UTSA quarterback Frank Harris and teammates celebrate after scoring a touchdown in a 45-16 win over Louisiana Tech on October 23.
Routs and recognition
After close wins over Illinois and Memphis, and two more nail-biters against UNLV and a high-powered Western Kentucky team, the 6-0 Roadrunners resoundingly put to rest any notion that they were “winning lucky” over their next three contests. UTSA hammered Rice in its October 16 Homecoming showdown with a score of 45-0. It was a performance so impressive that poll voters could no longer ignore the Roadrunners. They made their first appearance in the Associated Press Top 25 the next day, checking in at No. 24.
UTSA would earn its first ranking in the USA Today Coaches Top 25 the following week after another stellar outing. Quarterback Frank Harris and wide receiver Zakhari Franklin ignited the Roadrunners as they blazed past Louisiana Tech 45-16 to earn the program’s first win in Ruston. The victory set up a highly anticipated showdown at 6-2 UTEP on November 6 that would be nationally televised on ESPN2. But the Roadrunners quickly removed all drama from what many thought would be a close game, jumping out to a big first-half lead in a 44-23 triumph. During this stretch, UTSA was firing on all cylinders and had established itself as the team to beat in Conference USA.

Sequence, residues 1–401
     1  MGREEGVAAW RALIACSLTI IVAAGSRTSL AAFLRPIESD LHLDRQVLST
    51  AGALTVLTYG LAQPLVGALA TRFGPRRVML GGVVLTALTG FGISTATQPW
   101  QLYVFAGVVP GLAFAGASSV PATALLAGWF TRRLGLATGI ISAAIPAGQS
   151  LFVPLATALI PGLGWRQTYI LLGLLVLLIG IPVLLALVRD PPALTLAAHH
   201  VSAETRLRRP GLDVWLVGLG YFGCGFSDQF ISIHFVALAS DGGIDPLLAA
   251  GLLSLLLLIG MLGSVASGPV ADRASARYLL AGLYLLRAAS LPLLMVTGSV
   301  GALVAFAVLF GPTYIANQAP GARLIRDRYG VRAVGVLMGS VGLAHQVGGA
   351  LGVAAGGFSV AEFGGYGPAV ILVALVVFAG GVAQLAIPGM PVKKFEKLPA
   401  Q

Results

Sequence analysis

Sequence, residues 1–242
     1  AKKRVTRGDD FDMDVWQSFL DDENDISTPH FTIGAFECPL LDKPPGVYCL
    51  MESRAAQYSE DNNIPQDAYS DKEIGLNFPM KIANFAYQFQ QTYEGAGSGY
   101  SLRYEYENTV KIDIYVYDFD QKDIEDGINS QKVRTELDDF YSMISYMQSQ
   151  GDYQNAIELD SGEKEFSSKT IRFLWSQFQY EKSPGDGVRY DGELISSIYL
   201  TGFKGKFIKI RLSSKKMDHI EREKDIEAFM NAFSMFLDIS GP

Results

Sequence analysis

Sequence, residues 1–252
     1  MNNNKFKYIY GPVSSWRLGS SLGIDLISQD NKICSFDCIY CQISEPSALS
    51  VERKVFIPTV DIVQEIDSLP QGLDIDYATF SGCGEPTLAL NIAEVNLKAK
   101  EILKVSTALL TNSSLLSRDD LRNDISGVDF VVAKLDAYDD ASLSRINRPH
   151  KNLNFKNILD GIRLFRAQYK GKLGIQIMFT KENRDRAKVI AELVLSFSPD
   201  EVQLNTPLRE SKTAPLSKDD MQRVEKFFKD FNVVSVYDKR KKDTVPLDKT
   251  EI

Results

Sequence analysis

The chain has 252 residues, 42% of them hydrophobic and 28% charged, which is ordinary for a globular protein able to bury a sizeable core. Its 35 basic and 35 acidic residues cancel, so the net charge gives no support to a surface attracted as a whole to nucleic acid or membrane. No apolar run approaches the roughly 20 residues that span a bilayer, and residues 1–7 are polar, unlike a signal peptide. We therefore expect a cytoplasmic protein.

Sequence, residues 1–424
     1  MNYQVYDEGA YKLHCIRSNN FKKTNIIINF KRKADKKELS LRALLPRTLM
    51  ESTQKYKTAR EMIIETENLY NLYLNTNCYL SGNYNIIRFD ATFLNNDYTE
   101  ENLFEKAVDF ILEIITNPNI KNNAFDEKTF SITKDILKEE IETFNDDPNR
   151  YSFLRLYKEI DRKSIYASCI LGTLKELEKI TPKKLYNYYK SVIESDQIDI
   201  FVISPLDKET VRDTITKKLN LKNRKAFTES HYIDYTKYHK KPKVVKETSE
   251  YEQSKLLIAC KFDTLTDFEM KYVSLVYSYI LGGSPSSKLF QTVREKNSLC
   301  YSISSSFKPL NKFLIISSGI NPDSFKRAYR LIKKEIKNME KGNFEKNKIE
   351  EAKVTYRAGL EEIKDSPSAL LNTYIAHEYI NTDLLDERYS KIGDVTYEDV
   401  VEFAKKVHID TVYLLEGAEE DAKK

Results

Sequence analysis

Weeks before leading the Roadrunners to a Conference USA Championship, head coach Jeff Traylor and UTSA agreed to a contract extentsion through 2031.
Commitment to Coach Traylor